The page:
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Identification of mosquito repellent odours from Ocimum forskolei

Teun Dekker1*, Rickard Ignell1, Maedot Ghebru2, Robert Glinwood3 and Richard Hopkins3

Author Affiliations

1 Division of Chemical Ecology, Department of Crop Science, Swedish University of Agricultural Sciences PO 44, Alnarp, SE-23053 Sweden

2 Department of Biology, University of Asmara, Asmara, Eritrea

3 Department of Ecology, Swedish University of Agricultural Sciences, Box 7044, Uppsala SE-750 07, Sweden

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Parasites & Vectors 2011, 4:183  doi:10.1186/1756-3305-4-183

Published: 22 September 2011



Native mosquito repellent plants have a good potential for integrated mosquito control in local settings. Ocimum forskolei, Lamiaceae, is used in Eritrea as a spatial mosquito repellent inside houses, either through crushing fresh plants or burning dry plants. We verified whether active repellent compounds could be identified using gas-chromatography coupled electroantennogram recordings (GC-EAD) with headspace extracts of crushed plants.


EAD active compounds included (R)-(-)-linalool, (S)-(+)-1-octen-3-ol, trans-caryophyllene, naphthalene, methyl salicylate, (R)-(-)-α-copaene, methyl cinnamate and (E)-ocimene. Of these compounds (R)-(-)-linalool, methyl cinnamate and methyl salicylate reduced landing of female Aedes aegypti on human skin-odor baited tubes. The latter two are novel mosquito repellent compounds.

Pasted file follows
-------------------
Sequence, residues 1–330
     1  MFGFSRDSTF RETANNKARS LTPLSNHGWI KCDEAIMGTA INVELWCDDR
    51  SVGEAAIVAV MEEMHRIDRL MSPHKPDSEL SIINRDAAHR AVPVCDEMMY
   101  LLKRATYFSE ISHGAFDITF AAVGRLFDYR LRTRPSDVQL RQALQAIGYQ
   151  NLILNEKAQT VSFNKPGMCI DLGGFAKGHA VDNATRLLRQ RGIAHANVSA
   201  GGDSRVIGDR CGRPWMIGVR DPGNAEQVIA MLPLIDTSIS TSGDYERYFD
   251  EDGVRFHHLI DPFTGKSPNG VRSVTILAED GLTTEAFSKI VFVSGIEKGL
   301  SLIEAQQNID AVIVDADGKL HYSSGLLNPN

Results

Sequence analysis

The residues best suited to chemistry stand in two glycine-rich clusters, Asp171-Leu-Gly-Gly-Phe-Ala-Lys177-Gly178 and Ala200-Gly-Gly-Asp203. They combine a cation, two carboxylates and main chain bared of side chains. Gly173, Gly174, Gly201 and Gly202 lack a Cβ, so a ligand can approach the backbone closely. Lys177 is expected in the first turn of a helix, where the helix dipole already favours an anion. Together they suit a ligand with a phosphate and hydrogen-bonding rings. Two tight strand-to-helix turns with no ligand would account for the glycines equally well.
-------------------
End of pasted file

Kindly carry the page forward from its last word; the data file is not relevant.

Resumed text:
The identification of mosquito repellent compounds contributes to deciphering the mechanisms underlying repulsion, supporting the rational design of novel repellents. The three mosquito repellent compounds identified in this study are structurally dissimilar, which may indicate involvement of different sensory neurons in repulsion. Repulsion may well be enhanced through combining different repellent plants (or their synthetic mimics), and can be a locally sustainable part in mosquito control efforts.

Ocimum forskolei; Lamiaceae; GC-EAD; Aedes aegypti; mosquito; repellent; linalool; methyl cinnamate; methyl salicylate